A Little-Known Superhero in the Land of Movie-Making
In his recent blog post, “The Avengers: Building on a Jewish Comic Book Legacy,” Arie Kaplan, uses the new movie, Avengers: Infinity War, to remind us that almost all the creators – writers and illustrators – of Marvel Comics’ Avengers and Superman and his DC Comics’ Justice League of America cohorts, and the beyond-our-wildest-imagination worlds that they defended, were Jewish. It turns out that this is also an excellent time for a reminder that it was a real life Jewish superhero who almost single-handedly built the city and state where these movies, featuring fantastical characters and places imbued with Jewish references and symbolism, are typically created and premiere.
It has been a decade since the publication of Frances Dinkelspiel’s seminal (and, incredibly, singular) biography of her great-great-grandfather, Isaias Wolf Hellman, Towers of Gold: How One Immigrant Named Isaias Hellman Created California. In a narrative that rings familiar to many of our own family histories, Dinkelspiel tells us how 16-year-old Isaias, with only his 15-year-old brother, Herman, emigrated from Bavaria to California in 1859. Though leery of the tough ocean crossing and hard life that lay ahead, Isaias knew that opportunities for him in the world he was leaving were disappearing as pogroms (massacres of Jews) were increasing in frequency and intensity.
The California where Isaias began his new life just six years after the end of the Civil War was, to the eye and in terms of economic, religious, cultural, and social influence, still dominated by its agrarian and Catholic Church-based structure and history. During the next 60 years, until his death in 1920, this serious-minded and determined immigrant (one almost doesn’t need to check out the most frequently seen picture of Hellman to “see” his classic stoic visage and long and thick Van Dyke-style beard) was the principal builder and financier of the enduring infrastructures and institutions that propelled the relatively primitive world he found upon his arrival into the modern world we inhabit today.
Hellman’s career began in and remained focused on banking and finance, where his hand and influence, though centered in California, extended nationwide. He financed the oil drilling projects that ignited the booming development of greater Los Angeles in the late 19th-century, as well as the public utilities (gas, water and electricity) in this new sprawling “Metropolis,” and the roadways, trolleys and trains that connected Southland cities with one another and the rest of California,
From houses to wineries, Hellman was involved in all facets of real estate, was one of three principal founders of the University of Southern California and served as a Regent of the University of California (my alma mater). In addition, he and his family were members of San Francisco’s Congregation Emanu-El.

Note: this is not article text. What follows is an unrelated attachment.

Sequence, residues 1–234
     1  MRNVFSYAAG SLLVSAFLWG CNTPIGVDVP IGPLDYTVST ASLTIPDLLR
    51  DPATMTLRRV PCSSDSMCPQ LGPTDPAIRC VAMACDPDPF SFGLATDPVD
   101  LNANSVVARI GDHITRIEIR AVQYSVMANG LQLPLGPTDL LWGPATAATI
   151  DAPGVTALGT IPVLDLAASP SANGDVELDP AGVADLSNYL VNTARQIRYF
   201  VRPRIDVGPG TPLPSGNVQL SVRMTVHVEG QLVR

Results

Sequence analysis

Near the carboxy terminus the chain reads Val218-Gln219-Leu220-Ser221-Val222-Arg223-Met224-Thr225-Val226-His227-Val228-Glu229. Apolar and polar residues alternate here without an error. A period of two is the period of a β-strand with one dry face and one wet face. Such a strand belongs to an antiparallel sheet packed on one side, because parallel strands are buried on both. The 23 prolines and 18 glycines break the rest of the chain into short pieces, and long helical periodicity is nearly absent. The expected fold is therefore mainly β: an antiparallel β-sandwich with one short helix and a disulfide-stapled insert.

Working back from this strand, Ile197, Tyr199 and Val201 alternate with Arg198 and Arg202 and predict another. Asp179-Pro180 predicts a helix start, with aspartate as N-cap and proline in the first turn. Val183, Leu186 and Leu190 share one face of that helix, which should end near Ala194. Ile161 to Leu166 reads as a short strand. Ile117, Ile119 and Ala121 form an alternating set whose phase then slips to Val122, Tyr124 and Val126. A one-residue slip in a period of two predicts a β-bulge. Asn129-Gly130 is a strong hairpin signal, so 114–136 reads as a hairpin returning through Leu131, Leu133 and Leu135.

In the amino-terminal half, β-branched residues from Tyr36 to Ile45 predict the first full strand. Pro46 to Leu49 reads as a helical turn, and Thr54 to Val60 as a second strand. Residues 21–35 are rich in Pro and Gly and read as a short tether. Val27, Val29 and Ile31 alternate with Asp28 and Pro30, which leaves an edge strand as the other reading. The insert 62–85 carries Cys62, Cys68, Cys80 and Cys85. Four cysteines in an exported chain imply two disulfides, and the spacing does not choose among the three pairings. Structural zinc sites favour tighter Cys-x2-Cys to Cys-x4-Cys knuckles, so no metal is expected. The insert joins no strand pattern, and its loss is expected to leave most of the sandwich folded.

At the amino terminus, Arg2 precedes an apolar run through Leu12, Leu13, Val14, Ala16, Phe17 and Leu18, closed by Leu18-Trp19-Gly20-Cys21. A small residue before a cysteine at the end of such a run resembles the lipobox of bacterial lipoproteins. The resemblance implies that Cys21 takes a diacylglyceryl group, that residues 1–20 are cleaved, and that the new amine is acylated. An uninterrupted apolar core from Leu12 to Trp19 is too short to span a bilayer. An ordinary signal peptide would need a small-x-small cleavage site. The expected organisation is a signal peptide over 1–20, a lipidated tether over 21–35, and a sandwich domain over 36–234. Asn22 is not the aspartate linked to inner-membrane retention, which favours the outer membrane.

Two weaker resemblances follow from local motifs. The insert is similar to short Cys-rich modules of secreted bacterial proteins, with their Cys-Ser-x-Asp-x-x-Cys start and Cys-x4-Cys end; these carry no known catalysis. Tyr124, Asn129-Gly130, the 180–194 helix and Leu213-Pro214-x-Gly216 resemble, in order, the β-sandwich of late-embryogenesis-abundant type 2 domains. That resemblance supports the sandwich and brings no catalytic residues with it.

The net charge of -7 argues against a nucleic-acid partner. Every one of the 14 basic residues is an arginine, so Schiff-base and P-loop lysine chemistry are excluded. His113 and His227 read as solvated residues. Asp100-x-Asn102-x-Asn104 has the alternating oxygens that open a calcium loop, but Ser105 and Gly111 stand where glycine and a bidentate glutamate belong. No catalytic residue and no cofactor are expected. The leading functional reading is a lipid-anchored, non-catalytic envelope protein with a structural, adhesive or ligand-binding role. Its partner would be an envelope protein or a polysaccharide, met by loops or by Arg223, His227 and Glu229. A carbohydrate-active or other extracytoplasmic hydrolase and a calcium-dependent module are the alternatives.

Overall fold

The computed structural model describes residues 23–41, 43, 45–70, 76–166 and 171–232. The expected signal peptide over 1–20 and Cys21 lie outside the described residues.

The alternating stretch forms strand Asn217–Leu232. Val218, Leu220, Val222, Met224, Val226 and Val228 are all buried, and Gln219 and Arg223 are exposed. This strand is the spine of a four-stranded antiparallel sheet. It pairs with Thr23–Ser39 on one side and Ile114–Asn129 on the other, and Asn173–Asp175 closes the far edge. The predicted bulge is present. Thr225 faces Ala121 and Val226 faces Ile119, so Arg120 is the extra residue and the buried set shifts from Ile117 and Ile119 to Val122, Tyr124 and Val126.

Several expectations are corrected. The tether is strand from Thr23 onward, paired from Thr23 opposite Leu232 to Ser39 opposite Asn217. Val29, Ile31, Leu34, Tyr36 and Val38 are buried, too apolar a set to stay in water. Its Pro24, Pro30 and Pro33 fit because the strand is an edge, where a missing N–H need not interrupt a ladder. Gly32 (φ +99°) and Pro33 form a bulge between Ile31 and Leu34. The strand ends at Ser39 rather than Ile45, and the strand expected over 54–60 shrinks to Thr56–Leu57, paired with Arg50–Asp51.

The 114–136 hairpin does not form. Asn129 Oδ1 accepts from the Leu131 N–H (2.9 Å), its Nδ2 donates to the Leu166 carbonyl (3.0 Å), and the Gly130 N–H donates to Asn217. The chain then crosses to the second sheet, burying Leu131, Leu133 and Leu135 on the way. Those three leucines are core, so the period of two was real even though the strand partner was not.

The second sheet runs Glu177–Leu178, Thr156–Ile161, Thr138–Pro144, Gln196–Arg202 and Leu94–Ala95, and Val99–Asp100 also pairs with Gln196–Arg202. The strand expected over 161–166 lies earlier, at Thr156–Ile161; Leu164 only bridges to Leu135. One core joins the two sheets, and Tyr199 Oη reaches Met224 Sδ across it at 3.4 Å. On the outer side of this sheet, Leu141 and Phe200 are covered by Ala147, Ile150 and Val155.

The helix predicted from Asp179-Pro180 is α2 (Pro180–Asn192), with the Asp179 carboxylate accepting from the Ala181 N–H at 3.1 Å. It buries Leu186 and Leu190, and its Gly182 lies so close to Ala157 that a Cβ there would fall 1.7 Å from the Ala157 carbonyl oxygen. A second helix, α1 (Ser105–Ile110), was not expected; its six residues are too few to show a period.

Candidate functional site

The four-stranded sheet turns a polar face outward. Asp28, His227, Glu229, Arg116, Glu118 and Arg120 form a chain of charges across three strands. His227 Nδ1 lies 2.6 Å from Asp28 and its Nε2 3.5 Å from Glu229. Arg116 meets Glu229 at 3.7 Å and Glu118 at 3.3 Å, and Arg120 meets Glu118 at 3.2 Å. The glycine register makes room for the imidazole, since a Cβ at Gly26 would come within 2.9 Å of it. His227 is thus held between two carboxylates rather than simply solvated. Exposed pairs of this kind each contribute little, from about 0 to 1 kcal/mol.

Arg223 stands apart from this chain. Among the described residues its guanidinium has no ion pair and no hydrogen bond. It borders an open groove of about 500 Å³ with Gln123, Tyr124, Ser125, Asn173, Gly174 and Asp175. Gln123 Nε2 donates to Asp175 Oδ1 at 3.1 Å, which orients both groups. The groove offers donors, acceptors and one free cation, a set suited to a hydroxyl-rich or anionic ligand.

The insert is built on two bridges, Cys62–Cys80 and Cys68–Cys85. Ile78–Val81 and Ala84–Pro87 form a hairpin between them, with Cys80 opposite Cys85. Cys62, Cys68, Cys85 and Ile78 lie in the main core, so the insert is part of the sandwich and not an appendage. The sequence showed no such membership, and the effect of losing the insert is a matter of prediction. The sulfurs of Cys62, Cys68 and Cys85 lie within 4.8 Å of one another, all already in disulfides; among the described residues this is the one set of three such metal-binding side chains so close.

Hellman was a lifelong supporter of many Jewish institutions and causes, but remained until his death strongly opposed to the idea of transforming Palestine into a new home for the world’s Jews, siding with the likes of Henry Morgenthau, Sr., and The New York Times’ publisher Adolph S. Ochs. He viewed the America he had helped build as the best bastion for economic and religious liberty and was afraid of being perceived as having dual loyalties. Just as his views on assorted topics evolved over time, it is not unreasonable to imagine that his views about Zionism might have progressed, too, had he lived just a few years more.
Although he died nearly a century ago, Hellman’s story remains important and compelling. His mark and influence on all things California endure in a world in which a new movie about Jewish-inspired superheroes has garnered more than a billion dollars in revenue in only two weeks’ time. Ten years after its publication, his progeny’s loving biography is still the best way to get to know him, his legacy, and this little-known piece of Jewish-American history.
Despite his contributions and enduring influence, there is no public monument to Hellman in California or elsewhere. (There is, however the publicly maintained Hellman-Ehrman Mansion, a former summer residence of the family, in Tahoe City, California, as well as several tributes on the USC campus and Hellman Streets in a few cities, including Long Beach, California).
One final observation: even though there were merely 18 (always an auspicious number!) years between Hellman’s death in 1920 and Superman’s first appearance in Action Comics #1 in 1938, Hellman has not appeared in any comic books or superhero films. That’s too bad because a few California natives – Liev Schreiber and Michael Stuhlbarg among them – would look amazing wearing Hellman’s iconic beard.
Photo: Courtesy of the Jacob Rader Marcus Center of the American Jewish Archives, Cincinnati, Ohio